So after I won the gift certificate, I poured over the Darn Good Yarn website looking for something I wanted to try. I eventually decided on their recycled sari silk yarn. I wasn’t even really sure what I would make with it, but the yarn sounded interesting and I figured that once it arrived, I’d think of something.

Recycled Sari Silk Yarn

The recycled sari silk yarn is unlike any yarn I’ve worked with before. Once I got used to it, it was a blast to work with.

When it arrived, the adventure began.

I searched Ravelry for ideas and found the Recycled Sari Silk Mittens pattern by Odessa Reichel. That sounded like a good thing to try. The yarn is considered second-quality yarn, and is recommended for bags and the like, not for garments you’d have against your skin. To heck with that, I knitted mittens anyway.

Working On The Mittens

It’s pretty amazing how the yarn just disappears into itself as I knitted up the mittens.

The yarn had several knots in it, and I cut them out when I encountered them. I just knitted two strands together for a few knits to join in after the cut, and it worked fine. The knots weren’t a problem at all, and I expected to encounter them as I went, based on how this yarn is constructed. It is made from sari silk, cut/torn into strips and twisted together. It’s an absolutely delightful crazy yarn. It took a while for me to figure out how to best work with it — it’s not like anything else I’ve worked with before.

In order to get the pair of mittens, I ended up knitting 4 mittens in total. The first mitten, I knitted on US7 and it ended up being too small. So I ripped it out and knitted it on US8. Perfect fit. I knitted the 2nd mitten (from a 2nd ball) on US8 and it was too small. So I ripped it out and knitted it on US9 and it fit fine. In the end, that wasn’t a big deal since the mittens knit up pretty quickly. My advice is to just have fun with the yarn and see where it takes you.

Thumb On A Stitch Holder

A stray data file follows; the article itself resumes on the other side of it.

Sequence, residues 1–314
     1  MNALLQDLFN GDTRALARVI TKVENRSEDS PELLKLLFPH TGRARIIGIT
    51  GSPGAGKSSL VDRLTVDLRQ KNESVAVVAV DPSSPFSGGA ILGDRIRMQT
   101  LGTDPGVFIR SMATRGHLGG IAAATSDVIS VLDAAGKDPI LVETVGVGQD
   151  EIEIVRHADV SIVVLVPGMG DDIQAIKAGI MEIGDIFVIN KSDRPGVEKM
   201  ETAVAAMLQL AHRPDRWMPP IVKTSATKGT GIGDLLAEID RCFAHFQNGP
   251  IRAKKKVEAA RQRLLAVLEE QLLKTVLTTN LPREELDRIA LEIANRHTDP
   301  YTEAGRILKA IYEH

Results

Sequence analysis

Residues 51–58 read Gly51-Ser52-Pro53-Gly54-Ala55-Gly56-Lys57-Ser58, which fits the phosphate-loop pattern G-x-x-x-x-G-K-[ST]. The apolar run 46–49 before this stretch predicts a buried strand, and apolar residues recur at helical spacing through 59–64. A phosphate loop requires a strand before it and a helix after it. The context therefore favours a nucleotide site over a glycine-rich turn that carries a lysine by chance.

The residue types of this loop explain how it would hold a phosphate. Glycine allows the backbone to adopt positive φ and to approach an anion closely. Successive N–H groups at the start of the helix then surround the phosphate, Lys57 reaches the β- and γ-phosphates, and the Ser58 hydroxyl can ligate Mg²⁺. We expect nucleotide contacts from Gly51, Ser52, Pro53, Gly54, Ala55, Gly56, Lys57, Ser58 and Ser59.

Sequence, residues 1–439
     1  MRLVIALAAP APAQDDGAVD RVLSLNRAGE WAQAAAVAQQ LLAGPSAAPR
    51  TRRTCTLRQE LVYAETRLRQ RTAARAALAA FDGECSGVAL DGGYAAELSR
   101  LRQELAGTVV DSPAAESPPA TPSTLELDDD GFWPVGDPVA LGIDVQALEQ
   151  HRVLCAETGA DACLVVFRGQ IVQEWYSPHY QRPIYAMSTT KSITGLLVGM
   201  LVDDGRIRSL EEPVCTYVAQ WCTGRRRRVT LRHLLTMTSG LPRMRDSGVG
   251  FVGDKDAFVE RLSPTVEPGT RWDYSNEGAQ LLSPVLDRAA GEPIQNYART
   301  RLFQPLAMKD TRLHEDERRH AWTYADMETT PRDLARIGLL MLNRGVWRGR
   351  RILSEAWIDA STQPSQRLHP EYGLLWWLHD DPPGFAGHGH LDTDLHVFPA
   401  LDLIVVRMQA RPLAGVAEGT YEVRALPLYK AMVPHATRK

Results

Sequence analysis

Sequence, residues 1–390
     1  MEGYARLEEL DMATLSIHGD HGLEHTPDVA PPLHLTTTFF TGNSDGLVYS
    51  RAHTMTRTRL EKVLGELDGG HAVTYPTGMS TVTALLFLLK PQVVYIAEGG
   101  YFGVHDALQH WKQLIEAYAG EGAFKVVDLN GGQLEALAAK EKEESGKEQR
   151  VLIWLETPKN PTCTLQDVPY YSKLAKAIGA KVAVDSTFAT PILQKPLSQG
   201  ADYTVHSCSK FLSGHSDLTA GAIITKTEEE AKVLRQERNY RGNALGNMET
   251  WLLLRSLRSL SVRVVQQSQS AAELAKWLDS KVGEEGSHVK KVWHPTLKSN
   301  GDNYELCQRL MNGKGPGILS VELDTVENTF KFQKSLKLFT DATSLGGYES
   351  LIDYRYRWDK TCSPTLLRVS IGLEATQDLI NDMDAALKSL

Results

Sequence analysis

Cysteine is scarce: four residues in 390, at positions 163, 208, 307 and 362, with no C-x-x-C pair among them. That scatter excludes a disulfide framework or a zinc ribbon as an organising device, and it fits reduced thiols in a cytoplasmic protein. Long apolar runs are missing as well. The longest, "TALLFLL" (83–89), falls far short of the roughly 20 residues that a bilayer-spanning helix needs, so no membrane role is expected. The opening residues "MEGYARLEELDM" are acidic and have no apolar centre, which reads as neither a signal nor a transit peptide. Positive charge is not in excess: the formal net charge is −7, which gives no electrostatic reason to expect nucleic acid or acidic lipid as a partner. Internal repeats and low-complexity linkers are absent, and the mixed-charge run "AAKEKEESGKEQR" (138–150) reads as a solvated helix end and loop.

The mitten knits up quickly, and in no time I found myself ready to decrease for the fingers.

The mittens themselves came out great. They’re very warm and so colorful. Everyone who has seen them has remarked on how interesting they are. I would totally use this yarn to knit these mittens again. I would also love to try knitting a bag of some sort out of this yarn. The silk is extremely sturdy and I think it would hold up very well to rugged bag use.

Ready To Close The Second Mitten

I’m ready to close the second mitten!

I tried knitting this yarn with several types of needles. I finally landed on Marblz by Knitters Pride. That was a perfect match — the yarn slid across the needle nicely, and the needle had enough “give” to help make the knots with the tugging that I had to do every now and then on the yarn.

Completed Mitten

When completed, the mitten loos really cool. It’s also very sturdy and warm.

Ravelry Project Page: Recycled Sari Silk Mittens
Pattern: Recycled Sari Silk Mittens by Odessa Reichel
Yarn Used: Darn Good Yarn Wild Peacock Recycled Silk

I’m glad I won that contest on Yarn Thing, because I wouldn’t have known about that yarn otherwise, and I probably would have been skeptical to try it. Being able to just have an adventure with it was perfect, and I’m going to be keeping my eye on the Darn Good Yarn website for other interesting yarn in the future. It’s an adventure!

What’s the most adventurous yarn you’ve worked with? Please tell me that you were as happy with your yarn as I was with the recycled sari silk yarn. Or, if not, tell me why — especially if it makes for a humorous story. You can leave your comments here on this post, or visit the Knitting Daddy Designs group on Ravelry and join the discussion there.